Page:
Brazil is a very unequal country, possibly the worst globally. But it has a strong sanitary and epidemiological tradition, which includes full-scale vaccination campaigns, powerful and highly internationally rated health care foundations – Fiocruz Foundation as well as the Butantan Institute – and a well-developed medical science. The medical profession is strong and sizeable. In the 1980s the so-called ‘sanitary movement’, led by the left (the Brazilian Communist Party – PCB, mainly), created the aforementioned SUS. Despite being underfunded, it is present across the country (though less so in the countryside and poorer areas). This has from the very beginning provided Brazil with the means and resilience in the face of the quick spread of the coronavirus. Halfway through the pandemic, however, this community was side-lined especially at the federal level, as we will see below.

The first case of coronavirus in Brazil was dated February 26, although the virus seems to have been circulating before. Soon lots of people were dying and numbers increased sharply. Public authorities started to mobilize amid the growing apprehension of pandemic diffusion across the country – initially triggered by wealthy Brazilian tourists who had arrived from Europe. What to do became an extremely contentious issue.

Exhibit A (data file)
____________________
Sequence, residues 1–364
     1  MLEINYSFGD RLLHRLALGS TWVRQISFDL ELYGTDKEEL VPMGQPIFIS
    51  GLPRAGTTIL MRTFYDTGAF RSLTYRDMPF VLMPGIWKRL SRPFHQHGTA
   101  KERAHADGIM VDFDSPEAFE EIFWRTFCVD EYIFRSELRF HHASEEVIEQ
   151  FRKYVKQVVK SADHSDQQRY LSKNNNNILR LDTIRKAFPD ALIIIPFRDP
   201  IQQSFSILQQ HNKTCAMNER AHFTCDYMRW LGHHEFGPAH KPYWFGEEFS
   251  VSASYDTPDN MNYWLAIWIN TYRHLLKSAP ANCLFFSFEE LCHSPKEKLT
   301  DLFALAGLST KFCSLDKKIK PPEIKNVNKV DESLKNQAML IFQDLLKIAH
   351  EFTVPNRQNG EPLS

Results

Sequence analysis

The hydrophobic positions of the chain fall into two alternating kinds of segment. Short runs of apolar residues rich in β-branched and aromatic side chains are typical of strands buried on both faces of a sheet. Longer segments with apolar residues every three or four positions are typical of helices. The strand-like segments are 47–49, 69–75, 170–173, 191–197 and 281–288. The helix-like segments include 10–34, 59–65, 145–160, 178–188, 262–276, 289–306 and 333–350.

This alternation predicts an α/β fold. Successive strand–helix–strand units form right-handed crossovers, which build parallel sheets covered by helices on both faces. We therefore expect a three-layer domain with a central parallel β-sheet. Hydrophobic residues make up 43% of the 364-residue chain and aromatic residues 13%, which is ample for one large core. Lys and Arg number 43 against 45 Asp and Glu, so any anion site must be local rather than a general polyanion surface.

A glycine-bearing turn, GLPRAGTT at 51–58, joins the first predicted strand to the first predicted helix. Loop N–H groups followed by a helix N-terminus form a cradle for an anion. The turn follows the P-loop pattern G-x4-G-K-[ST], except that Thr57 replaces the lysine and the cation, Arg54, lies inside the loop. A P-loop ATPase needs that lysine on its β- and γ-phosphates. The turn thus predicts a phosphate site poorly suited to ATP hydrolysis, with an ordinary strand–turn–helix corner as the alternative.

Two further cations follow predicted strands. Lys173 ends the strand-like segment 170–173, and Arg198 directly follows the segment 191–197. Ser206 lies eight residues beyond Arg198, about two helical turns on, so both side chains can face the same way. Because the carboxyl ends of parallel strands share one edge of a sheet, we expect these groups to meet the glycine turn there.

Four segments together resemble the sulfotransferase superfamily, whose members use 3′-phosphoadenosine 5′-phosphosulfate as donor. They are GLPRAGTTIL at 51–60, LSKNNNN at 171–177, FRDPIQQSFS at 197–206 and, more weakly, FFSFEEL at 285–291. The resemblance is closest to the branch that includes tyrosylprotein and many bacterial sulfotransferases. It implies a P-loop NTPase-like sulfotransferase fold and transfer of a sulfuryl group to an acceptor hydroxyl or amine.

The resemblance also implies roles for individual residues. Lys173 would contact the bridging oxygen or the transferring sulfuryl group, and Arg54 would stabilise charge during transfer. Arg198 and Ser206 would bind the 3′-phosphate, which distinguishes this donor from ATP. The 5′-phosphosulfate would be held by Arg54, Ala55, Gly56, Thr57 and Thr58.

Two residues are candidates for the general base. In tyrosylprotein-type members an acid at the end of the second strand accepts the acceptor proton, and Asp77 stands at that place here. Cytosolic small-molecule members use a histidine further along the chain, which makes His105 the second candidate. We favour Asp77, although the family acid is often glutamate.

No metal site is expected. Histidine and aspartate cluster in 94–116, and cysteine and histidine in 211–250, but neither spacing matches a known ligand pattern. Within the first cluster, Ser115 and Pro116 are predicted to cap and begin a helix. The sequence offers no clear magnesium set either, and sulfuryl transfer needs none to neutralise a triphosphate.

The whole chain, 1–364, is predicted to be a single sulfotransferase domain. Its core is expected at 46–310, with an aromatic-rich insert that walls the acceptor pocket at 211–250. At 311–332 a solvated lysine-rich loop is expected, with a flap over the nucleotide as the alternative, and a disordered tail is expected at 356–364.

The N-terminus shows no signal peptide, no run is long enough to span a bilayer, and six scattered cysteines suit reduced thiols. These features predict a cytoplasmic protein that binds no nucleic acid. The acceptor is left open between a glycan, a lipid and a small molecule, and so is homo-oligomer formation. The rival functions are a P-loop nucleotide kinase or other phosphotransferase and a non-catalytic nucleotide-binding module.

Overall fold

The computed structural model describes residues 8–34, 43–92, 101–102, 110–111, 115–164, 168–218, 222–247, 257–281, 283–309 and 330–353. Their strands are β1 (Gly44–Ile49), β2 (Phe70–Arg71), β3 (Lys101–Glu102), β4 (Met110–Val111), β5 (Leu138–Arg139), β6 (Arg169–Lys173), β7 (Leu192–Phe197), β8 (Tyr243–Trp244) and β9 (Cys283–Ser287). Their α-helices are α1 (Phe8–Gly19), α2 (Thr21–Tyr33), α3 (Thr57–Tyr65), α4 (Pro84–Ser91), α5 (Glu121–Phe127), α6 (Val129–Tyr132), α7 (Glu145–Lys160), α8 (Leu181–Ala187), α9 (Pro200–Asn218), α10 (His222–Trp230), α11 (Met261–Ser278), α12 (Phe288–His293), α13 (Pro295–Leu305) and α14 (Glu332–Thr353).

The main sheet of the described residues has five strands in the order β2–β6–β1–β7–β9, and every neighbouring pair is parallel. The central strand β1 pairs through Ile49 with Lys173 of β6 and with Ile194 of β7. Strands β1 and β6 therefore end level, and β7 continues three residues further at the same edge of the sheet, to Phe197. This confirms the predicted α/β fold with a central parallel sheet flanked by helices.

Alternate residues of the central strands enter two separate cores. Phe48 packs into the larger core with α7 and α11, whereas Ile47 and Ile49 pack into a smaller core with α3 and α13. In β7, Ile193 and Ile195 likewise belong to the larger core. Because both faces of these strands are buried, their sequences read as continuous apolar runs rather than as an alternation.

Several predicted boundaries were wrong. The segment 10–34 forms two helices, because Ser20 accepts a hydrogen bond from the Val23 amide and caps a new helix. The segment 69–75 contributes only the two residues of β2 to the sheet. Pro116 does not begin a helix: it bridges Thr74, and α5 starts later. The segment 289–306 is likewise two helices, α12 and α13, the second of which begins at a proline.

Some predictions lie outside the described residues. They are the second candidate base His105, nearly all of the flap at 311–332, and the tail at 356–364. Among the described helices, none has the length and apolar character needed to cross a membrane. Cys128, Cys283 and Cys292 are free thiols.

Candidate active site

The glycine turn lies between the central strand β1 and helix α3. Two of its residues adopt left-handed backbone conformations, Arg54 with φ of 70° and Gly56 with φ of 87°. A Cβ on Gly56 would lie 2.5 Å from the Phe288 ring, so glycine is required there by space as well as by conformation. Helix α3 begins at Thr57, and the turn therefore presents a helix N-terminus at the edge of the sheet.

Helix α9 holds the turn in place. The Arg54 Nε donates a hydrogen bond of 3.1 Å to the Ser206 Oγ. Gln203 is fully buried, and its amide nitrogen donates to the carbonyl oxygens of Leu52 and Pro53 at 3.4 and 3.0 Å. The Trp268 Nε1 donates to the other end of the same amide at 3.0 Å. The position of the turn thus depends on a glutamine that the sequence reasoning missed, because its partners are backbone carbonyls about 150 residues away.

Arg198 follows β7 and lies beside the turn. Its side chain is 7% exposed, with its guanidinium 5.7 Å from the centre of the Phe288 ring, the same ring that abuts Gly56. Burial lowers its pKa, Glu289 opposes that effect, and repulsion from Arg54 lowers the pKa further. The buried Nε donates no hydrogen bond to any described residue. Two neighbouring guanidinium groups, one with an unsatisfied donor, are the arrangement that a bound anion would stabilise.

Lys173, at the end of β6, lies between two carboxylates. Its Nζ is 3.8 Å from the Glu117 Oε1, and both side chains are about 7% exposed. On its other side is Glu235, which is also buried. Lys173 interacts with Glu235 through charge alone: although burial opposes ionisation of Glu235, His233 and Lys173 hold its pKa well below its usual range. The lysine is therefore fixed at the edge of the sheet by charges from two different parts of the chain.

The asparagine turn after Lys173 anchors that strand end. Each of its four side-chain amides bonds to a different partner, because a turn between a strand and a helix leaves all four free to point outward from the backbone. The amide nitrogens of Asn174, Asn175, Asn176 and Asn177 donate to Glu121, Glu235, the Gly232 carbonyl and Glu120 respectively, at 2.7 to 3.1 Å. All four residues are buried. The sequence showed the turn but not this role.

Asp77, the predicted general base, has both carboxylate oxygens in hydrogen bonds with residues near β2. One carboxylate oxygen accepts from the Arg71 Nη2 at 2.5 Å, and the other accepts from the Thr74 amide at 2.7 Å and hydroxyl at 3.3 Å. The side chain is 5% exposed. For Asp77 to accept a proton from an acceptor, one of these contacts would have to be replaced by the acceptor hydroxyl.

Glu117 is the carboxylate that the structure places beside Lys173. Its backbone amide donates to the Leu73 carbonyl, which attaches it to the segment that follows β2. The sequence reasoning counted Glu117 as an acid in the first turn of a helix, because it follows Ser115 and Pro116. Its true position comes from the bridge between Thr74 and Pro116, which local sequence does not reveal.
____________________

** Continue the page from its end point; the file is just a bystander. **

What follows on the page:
When the sanitary crisis started, Bolsonaro’s health minister Luiz Henrique Mandetta had been in office for a year and one month. A physician and centre-right politician belonging to the Democratic Party (which was not formally part of the government), Mandetta recognized the threat. He assumed great protagonism, gave significant prominence to the SUS and articulated a response together with state governors of different political persuasions. In fact, already in February the National Congress had approved a quarantine law. With extremely dire predictions being made, state governors almost panicked and in mid-March most of the country had gone into partial lockdown. Some main cities were hit hard by the virus, with sad consequences especially in the poorer ones where public health facilities are scarce (notably in Belém do Pará, in the north of Brazil), but richer ones such as São Paulo and Rio de Janeiro became also main epicentres. Bolsonaro then clashed with the minister and governors, trying to stop the quarantines, while recommending chloroquine as a treatment (army laboratories were ordered to produce huge quantities right away). The Supreme Federal Court (STF) ruled that governors could decide on what measures to adopt.

Mandetta spoke every day on TV and became highly popular, orienting people and showing compassion and concern. This led Bolsonaro, who stuck to his aggressively scornful and Darwinist approach, to dismiss him on April 16. Nelson Teich, also a physician linked to private health and an earlier supporter of Bolsonaro, but not a professional politician, took over the ministry but on May 16 resigned: Bolsonaro contradicted all his orientations, insisting on opening the economy and on chloroquine-based treatment. General Eduardo Panzuelo assumed as interim minister. Despite being criticized for remaining active in the military, he has to this day kept the post, having stuffed the ministry with several other army men. Actually, many health experts that were crucial in the decades-old continuity of efforts left the health ministry during the pandemic.